secretariat will work closely with the countries concerned in
monitoring their implementation, which may involve missions on
site, he said.
Standing Committee also identified two additional groups of
countries that need to adopt measures in the near future. The
first group, including Cameroon, the Republic of Congo, the
Democratic Republic of Congo, Egypt, Ethiopia, Gabon,
Mozambique and Nigeria, will need to develop action plans this
trains community rangers
to help boost wildlife security
(Xinhua) -- The Kenya Wildlife Service (KWS) said
Thursday it has trained 68 community rangers to help beef up
wildlife security efforts to curb rising incidents of poaching
across the East African nation.
Corporate Affairs Manager Paul Udoto said the community
rangers who have graduated at the KWS training school after
undergoing a three-month rigorous training will also help
protect tourists and prevent human wildlife conflict.
community rangers have for the last three months been
trained at the academy by KWS in basic paramilitary
procedures, management information systems (MIST), human
wildlife conflict, enterprise development models, marketing
of products and services, compensation claims and procedures
as well as the KWS organizational structure and operations
among other disciplines,” Udoto said.
training is meant to build capacity of landowners who host
wildlife on their land to actively engage in sustainable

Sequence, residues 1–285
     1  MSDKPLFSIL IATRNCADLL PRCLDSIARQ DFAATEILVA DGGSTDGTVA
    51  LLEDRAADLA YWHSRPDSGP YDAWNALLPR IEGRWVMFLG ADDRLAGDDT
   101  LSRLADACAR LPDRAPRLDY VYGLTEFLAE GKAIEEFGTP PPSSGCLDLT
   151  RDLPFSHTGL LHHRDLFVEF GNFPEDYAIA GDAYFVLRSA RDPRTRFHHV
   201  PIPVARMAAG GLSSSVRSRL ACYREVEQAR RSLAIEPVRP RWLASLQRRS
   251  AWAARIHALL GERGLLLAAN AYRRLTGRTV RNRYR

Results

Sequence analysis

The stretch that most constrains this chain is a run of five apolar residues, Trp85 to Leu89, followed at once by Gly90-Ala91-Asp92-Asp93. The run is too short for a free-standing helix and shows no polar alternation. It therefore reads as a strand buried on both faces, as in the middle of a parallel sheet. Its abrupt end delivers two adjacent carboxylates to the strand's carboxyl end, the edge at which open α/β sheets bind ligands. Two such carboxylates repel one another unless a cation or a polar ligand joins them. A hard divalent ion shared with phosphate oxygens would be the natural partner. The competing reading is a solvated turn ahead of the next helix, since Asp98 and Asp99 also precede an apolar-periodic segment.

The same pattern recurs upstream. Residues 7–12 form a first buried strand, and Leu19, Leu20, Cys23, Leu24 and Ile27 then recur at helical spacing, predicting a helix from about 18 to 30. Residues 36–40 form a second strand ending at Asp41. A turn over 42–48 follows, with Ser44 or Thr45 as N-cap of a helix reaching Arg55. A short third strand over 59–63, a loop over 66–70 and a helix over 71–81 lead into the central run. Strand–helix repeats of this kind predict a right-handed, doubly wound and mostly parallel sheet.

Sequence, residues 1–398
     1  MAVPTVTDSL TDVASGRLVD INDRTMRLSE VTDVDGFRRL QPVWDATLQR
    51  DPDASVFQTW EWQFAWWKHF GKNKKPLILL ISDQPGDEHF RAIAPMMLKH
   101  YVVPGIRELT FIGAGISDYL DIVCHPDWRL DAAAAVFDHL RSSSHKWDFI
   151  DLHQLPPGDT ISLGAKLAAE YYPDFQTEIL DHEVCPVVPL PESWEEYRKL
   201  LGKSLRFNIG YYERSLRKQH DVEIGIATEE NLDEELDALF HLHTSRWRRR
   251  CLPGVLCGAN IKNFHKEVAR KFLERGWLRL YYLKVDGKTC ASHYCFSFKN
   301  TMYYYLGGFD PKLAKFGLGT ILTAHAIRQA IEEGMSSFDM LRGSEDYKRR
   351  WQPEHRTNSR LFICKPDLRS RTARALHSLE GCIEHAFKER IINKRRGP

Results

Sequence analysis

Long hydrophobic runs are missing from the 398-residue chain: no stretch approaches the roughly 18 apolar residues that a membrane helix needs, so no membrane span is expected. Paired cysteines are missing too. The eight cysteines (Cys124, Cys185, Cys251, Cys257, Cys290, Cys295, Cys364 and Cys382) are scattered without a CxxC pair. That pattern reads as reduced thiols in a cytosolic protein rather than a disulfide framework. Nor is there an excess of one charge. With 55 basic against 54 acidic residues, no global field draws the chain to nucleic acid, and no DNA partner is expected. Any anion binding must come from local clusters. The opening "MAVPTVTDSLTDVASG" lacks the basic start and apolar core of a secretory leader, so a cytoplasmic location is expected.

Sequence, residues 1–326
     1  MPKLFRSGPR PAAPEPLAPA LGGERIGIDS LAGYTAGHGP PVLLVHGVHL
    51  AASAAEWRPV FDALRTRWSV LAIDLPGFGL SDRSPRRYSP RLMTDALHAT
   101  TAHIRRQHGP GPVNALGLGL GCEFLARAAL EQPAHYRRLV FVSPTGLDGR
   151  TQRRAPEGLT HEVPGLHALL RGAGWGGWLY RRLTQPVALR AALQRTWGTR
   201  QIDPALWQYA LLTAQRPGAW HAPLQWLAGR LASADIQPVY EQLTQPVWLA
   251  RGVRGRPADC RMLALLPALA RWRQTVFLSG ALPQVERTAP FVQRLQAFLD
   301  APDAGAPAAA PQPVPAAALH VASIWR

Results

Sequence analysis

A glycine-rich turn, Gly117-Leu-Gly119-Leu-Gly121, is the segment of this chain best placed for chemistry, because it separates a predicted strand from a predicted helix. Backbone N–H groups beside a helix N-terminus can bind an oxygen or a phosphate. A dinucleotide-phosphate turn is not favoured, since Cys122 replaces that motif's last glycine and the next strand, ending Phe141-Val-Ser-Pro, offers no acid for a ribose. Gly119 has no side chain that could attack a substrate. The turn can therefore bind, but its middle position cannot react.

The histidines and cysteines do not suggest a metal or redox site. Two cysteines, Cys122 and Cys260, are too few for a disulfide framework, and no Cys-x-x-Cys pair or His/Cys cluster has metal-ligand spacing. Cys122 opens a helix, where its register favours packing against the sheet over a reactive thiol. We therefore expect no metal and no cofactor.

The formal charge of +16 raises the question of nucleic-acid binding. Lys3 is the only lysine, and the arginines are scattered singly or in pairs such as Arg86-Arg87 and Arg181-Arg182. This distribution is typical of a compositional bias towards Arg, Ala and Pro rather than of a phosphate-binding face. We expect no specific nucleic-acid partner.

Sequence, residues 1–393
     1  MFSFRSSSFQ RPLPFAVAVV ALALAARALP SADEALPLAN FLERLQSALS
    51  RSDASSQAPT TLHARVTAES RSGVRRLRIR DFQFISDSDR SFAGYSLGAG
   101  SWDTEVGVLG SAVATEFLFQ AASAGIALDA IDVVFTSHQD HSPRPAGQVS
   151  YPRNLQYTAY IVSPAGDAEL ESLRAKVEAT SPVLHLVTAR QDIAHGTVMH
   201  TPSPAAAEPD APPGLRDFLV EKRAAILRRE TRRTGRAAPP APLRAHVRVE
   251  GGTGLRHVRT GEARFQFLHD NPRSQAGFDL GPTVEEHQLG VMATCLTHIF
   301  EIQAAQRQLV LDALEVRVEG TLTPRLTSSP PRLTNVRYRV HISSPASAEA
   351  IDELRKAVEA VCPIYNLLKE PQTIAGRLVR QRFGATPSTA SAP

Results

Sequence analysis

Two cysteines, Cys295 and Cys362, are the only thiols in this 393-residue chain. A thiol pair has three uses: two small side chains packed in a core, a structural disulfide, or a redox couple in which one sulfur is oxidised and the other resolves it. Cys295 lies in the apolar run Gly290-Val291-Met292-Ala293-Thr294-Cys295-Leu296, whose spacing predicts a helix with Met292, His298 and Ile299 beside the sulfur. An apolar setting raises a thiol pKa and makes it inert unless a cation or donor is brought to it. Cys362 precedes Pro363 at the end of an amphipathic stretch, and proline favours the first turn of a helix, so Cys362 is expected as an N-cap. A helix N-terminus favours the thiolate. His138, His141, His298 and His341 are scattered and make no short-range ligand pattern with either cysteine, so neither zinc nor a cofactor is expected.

wildlife conservation with the aim of realizing decent
livelihoods from sound environmental management,” he added
said the community rangers who selected from various
conservancies across the country will work closely with KWS
rangers to help in scaling up efforts to salvage the remaining
elephants in Kenya, 74 elephants having already been killed in
the first 3 months of 2013 alone.
wildlife agency has enhanced the round-the-clock surveillance
at all Kenya’s entry exit and entry points while sniffer
dogs and their handlers have proved incorruptible and have
once again outsmarted wildlife smugglers.
efforts last year resulted in notable recoveries of illegal
wildlife trophies and firearms, including 80 rifles, 2,777
rounds of ammunition and several magazines which have been
recovered since January last year.
wildlife agency also impounded 46 vehicles, 38 motorbikes, 46
bicycles and a hand drawn cart in various parts of the
country. In addition, 1,677 pieces of ivory weighing 4,644
kilograms were been recovered in 2012.
the same year, the KWS said seven rhino horns weighing 14
kilograms were also recovered. Other assorted crude weapons in
possession of poachers recovered include poisoned arrows,
bows, snares, axes, machetes, knives, spears, power saws and
East African nation says it’s at a point where it cannot
allow further poaching of wildlife because the animal numbers
have been reducing at an alarming rate.
said the focus of the community rangers’ training has been
on practical wildlife management strategies, basic
paramilitary training in order to standardize protocols of
management, command structures and reporting procedures in
Director William Kiprono who presided over the pass-out parade
challenged the recruits to use the skills they had acquired
during the three months intensive training to counter poaching
cases across the country.
warned that poachers have since gone hi-tech and are using
sophisticated weaponry to advance their tactics.
announced that the Service through the KWS board in
collaboration with the Kenya Police Service is in the process
of requesting for the issuance of firearms to the community
rangers in a bid to strengthen their capacity in handling
from training more community rangers, KWS intends to
undertake for the first time a conversion course for the
conservancy managers in the next financial year,” Kiprono